A DAY WITH NO CRAYONS
Liza loved her crayons. She treasured turquoise,
adored apricot, and flipped over fuchsia.
But when Liza's mother takes away her beloved crayons, her world suddenly goes gray. How does the budding artist respond? She squirts her toothpaste angrily and stomps through mud puddles. Through these acts, Liza inadvertently creates art—and eventually discovers color in the world around her.
Illustrations by Chad Cameron
Publisher: Cooper Square Publishing Llc
Year Published: September 1, 2007
~ Recommended by the National Gallery of Art in Washington, D.C. ~
~ Winner Eloise Jarvis McGraw Award for Children's Literature ~
~ Monarch Award Finalist (Illinois State Children's Choice Award) ~
THE SAN FRANCISCO CHRONICLE
The clever A Day With No Crayons Rising Moon; 28 pages; $15.95 by Elizabeth Rusch and illustrated by Chad Cameron follows a little girl named Liza who, after drawing on the wall with her crayons, gets them taken away for the day. Let the punishment fit the crime, her mother must have thought.
From that point on, Liza's world is rendered in shades of gray, except for the color she discovers in everyday objects: her blue-green toothpaste, brown mud on the basketball court, green on the knees of her grass-stained pants, which become rainbow pants when she crushes dandelions, blackberries and tiger lilies on them. "Liza suddenly saw color everywhere!" And the reader does, too, as the pages transform from black and white to full color. Liza even uses organic and man-made materials as her paints, dragging a muddy stick across the park to make a brown line drawing and scraping a red brick on the sidewalk to draw the outline of a camel caravan. She not only learns her lesson about drawing on the walls, but she also learns she doesn't need to use crayons to create with color.
DETROIT FREE PRESS
In A Day With No Crayons by Elizabeth Rusch with illustrations by Chad Cameron (Rising Moon/Cooper Square Press, $15.95), Liza runs out of paper and unwisely uses a blank wall as her canvas. Mom confiscates her crayons, leaving the girl in a colorless world.
Or so she thinks, until Liza begins to see the possibilities around her. Blue toothpaste is swirled into a Van Gogh-inspired work in the sink, flowers and berries make her pants come alive with brilliant color and more.
When she gets her crayons back, she decides instead to make art out of what's around her: a self-portrait using clothes, toys and her dog. This is a great story of imagination and inspiration.
FLINT JOURNAL REVIEW
A little girl's world turns colorless when her mother punishes for writing on the wall by taking away her crayons in Elizabeth Rusch's A Day With No Crayons (Rising Moon, $15.95). But Liza discovers color is all around her in things as unlikely as toothpaste and mud. Illustrated by Chad Cameron, the book is a reminder that creativity is not limited to crayons.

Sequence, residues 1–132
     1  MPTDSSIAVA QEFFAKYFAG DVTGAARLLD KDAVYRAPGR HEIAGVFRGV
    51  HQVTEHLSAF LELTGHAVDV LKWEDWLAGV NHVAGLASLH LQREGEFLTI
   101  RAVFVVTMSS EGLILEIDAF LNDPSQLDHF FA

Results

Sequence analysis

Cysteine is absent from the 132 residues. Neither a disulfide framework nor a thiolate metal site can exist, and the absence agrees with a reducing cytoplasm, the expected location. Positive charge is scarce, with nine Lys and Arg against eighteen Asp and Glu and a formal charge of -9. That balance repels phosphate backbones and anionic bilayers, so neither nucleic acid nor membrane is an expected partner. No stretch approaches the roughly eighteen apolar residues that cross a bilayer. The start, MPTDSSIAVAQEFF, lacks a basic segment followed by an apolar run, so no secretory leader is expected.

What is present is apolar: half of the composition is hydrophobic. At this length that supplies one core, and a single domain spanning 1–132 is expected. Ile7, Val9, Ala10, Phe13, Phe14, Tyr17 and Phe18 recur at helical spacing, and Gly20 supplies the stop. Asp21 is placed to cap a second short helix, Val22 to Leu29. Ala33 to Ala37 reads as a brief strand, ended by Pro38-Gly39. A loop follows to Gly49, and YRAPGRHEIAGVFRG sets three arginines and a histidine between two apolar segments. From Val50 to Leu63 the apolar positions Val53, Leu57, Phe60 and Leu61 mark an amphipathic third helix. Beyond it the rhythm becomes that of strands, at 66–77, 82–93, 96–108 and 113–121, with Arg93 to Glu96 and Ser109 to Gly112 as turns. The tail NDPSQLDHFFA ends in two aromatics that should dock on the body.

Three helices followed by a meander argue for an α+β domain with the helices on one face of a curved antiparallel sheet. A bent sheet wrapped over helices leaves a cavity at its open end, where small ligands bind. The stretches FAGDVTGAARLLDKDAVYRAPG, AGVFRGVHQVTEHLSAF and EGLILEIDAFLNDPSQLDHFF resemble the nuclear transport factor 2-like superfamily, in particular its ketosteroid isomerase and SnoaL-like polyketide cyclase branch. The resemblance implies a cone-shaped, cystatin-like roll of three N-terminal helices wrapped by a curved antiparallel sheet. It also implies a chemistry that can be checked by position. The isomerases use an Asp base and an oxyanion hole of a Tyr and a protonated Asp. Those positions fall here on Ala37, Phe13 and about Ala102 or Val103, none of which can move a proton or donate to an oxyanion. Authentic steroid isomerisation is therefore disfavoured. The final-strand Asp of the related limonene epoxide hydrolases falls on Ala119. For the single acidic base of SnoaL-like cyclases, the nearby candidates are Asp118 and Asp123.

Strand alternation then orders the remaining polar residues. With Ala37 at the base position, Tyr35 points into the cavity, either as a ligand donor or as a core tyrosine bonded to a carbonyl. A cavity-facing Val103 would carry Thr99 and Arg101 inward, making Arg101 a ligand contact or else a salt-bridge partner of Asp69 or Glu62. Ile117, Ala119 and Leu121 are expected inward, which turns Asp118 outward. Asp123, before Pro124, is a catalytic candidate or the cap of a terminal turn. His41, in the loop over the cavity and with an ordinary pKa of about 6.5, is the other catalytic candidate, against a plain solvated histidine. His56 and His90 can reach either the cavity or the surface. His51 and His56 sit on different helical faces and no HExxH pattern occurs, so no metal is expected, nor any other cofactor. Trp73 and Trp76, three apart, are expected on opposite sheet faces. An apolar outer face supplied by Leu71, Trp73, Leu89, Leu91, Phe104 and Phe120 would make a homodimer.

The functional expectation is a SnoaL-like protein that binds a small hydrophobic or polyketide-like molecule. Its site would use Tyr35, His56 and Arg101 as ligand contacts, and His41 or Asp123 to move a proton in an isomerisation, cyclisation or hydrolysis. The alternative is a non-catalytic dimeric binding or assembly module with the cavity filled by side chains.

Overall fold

By Christina Lewis
Liza loves her crayons, and she loves to draw with all of the amazing colors she finds. But one day she runs out of paper and coloring books, so she decides to create a masterpiece on her nice, white bedroom wall. Her mother, not happy about crayon on the wall, takes Liza's crayons away. Liza's world suddenly goes gray. What will she do without her crayons? Upset, Liza goes outside, but she soon discovers a whole world of amazing colors just waiting for her. A fun book about creativity and seeing the colors in the world around us. (Ages 4-8)
LOOKING GLASS REVIEW
Liza was crayon mad. She loved to create pictures bright with color and her artwork filled her coloring books and covered her walls. Then one day she ran out paper and she had nothing, absolutely nothing, to color on. So Liza decided to color on a blank wall. When Liza’s mother saw what she was doing she was furious. In fact she was so angry that she took away Liza’s crayons for a whole day.
Liza was devastated. How could she survive for a whole day without her crayons? Then, when she was outside, she discovered that there are other ways to create art. She found that squashed flowers and other plants could produce vibrant colors. She realized that there was “color everywhere” she looked. All she had to do was tap into it.
So using a stick as her pen, and mud and leaves as her colors, she drew a tree. Using an old red brick she drew camels on a sidewalk. Using petals and pebbles, leaves and dandelions, she created an ocean scene. Liza was learning that she could ‘draw’ with practically anything so long as she used her imagination.
In this magical picture book children will get to meet a young artist who discovers that the world of art is a lot bigger than she ever dreamed it was. With clever pictorial artistic references to famous artists and their works, and an imaginative use of color, the illustrator does a masterful job showing the reader how Liza’s eyes are opened to new possibilities. Chad Cameron’s creative multimedia illustrations are a joy to look at and they capture the lively emotions that Liza experiences as the story unfolds.